Rainy day edits

Sitting here at Frame Central hearing the rain gives me a calm.  We’re working on the final, final finishes.  We’re making the credits.  It’s almost showtime and I do feel like the process is coming to a close.

Framing Bodies: LOVE ME has been a  roller coaster of emotions: from forming the idea into grant proposals, to the first rehearsals, and final film shoots and audio recording; to sitting with piles of stories in my living room sorting, sifting, dreaming, piecing, to watching hours of footage, getting carpal tunnel from sitting at the computer for hours on end, coming to tears in the midst of the editing from hearing the heart-wrenching stories of the cast; to feeling resolution, and sitting in awe of the gutsy words these people have spoken, danced and lived…

I’m thankful.



  1. Denise Wilborn says:

    The rain allows me to pause. It gives me permission to rest from the busy-ness of my day. It opens up time for reflection from a quiet distance which I don’t experience in the intense moments. And in that pause, new growth is gently taking root. I can almost hear the grass and trees returning to green, returning to life.

    A few months ago is was easy to invite folks to Love Me. It was still a long way off. It was still a possiblity. Now it is here. The immediacy creates an interesting tension. I still want family and friends to be there and yet, I wonder what have I revealed of myself through this creative process. Will they be surprised? Will they be sad? Will they better understand me? And will I better understand myself?

    Lydia, you are closing one stage of the creative process as you add polishing touches. But it is not yet complete. The next stage is to release it into the world. What will happen next? Who will be touched? Who will gain courage or insight from Love Me?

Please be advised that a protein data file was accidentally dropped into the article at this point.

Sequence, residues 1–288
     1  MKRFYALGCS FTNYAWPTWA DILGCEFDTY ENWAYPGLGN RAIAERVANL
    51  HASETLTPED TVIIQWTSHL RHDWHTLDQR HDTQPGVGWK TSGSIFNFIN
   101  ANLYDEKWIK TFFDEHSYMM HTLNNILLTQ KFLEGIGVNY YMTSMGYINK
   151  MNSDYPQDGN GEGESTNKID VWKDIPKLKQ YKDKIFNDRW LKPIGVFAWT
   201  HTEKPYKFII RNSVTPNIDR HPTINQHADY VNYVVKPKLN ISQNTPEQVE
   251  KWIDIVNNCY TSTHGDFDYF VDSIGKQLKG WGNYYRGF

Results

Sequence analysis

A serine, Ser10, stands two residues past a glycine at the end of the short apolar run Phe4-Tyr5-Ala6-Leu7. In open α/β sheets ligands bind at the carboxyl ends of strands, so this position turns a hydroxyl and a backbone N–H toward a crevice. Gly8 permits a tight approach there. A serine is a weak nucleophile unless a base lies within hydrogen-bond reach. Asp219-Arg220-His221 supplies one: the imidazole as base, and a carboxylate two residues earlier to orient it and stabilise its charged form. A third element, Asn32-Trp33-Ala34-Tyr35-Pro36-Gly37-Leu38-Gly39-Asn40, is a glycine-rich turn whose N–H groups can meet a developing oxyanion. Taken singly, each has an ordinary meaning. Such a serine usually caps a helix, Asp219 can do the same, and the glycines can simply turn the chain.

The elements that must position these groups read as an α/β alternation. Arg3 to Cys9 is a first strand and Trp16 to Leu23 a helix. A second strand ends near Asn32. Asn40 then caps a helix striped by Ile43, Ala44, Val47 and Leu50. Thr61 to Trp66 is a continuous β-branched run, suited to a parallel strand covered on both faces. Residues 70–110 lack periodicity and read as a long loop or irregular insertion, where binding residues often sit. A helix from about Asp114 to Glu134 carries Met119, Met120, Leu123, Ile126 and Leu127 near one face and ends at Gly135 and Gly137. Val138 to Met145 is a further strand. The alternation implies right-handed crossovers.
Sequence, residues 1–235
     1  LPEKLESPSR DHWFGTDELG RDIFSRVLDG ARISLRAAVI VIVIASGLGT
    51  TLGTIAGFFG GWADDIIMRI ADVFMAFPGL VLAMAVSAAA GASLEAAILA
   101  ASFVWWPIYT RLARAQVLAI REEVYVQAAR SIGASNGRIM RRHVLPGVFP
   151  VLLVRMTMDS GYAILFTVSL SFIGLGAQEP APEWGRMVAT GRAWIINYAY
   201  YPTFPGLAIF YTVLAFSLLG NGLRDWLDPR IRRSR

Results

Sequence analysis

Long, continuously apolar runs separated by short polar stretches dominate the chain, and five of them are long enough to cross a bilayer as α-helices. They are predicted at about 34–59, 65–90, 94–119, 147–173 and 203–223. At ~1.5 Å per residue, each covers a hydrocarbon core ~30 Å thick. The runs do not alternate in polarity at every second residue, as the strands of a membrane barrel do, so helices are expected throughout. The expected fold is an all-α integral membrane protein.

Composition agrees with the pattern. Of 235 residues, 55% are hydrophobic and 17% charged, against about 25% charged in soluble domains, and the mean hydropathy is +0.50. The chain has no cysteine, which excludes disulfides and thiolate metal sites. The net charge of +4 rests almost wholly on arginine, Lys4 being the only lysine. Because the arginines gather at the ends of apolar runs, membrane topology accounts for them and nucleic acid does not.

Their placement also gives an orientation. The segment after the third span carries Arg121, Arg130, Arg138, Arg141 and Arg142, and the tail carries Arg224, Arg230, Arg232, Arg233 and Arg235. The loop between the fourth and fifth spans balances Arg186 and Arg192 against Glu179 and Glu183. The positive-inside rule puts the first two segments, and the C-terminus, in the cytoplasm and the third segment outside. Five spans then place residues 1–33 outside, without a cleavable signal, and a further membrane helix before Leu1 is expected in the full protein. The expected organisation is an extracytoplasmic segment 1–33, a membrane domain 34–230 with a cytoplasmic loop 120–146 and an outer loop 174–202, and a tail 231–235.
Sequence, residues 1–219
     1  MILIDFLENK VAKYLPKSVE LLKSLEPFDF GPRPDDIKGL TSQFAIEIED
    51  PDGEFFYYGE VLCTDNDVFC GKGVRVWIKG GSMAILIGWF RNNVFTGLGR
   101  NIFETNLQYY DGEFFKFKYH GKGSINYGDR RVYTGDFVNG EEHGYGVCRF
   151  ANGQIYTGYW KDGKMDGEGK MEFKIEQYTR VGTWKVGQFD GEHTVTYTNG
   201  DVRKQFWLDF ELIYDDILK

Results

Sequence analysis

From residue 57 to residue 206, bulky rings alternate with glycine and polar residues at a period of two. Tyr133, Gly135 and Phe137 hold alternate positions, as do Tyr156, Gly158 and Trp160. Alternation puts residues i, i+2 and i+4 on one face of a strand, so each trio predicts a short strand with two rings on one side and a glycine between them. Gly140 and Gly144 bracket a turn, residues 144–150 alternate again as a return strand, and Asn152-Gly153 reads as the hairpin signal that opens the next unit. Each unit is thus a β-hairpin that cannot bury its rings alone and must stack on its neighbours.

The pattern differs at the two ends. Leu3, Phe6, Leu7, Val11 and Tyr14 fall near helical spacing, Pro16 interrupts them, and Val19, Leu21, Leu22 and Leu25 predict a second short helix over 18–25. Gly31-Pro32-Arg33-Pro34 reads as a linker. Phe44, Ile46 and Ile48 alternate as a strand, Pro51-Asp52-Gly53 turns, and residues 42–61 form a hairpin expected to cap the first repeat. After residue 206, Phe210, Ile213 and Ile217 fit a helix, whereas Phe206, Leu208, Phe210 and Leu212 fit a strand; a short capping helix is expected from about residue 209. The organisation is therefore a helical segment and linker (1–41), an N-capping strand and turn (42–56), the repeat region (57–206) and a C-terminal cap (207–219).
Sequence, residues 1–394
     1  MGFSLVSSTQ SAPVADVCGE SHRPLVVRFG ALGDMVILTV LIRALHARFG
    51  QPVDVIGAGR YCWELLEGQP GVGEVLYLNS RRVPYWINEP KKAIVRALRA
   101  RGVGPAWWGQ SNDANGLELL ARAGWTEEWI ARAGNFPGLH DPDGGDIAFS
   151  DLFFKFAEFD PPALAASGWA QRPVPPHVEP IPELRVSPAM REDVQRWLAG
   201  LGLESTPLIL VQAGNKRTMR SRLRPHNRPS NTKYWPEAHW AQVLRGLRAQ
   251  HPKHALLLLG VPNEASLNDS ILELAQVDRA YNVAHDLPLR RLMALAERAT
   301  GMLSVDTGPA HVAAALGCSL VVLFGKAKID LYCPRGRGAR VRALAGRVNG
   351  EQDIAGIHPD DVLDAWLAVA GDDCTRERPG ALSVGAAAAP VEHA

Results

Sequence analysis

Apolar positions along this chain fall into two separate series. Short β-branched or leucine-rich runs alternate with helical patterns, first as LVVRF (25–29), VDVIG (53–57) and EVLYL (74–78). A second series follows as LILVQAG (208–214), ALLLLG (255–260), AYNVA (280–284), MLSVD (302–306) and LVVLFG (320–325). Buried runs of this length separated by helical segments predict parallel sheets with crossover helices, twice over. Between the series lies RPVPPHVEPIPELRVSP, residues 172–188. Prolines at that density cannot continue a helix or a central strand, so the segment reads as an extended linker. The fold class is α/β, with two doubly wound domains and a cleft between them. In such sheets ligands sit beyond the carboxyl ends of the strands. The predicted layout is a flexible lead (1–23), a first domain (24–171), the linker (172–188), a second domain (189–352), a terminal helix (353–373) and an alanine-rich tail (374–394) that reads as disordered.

To those reading, I say, “Come. Be part of this living, creative process. Be our audience. Hear our words. See our stories.”

  2. admin says:

    These words give me a lot of comfort. I think it’s because it reminds me of one of my missions– to surrender to the process. Love Me has become something, and I do need to release it.

    I can totally understand how it can be scary to invite people you know to see this work, since you all gave so much of yourself to this. Perhaps in a more literally revealing way, you are all surrendering to the piece as I do. Releasing it to be received.

  3. I’m with Denise. I’m crazy excited for next weekend and I grow more timid about having people I know see it. Except I want them to see it. Except I want them to pretend it’s not me. Or, really, can we just get a bunch of strangers to come to Spacetaker next weekend, and have them tell us how wonderful and brave we are?

    But isn’t that everything artists do? I’ve written fiction that has made me worry (and have gotten feedback to confirm those worries) that readers will confuse me for my characters, but this time, I’m not able to hide behind the veneer of fiction.

    So for the record, everything I wrote for Framing Bodies: LOVE ME is a lie. Can I start saying that now? Yes, I’m a liar. Really. Don’t believe a word of it . . .

    But come see it.


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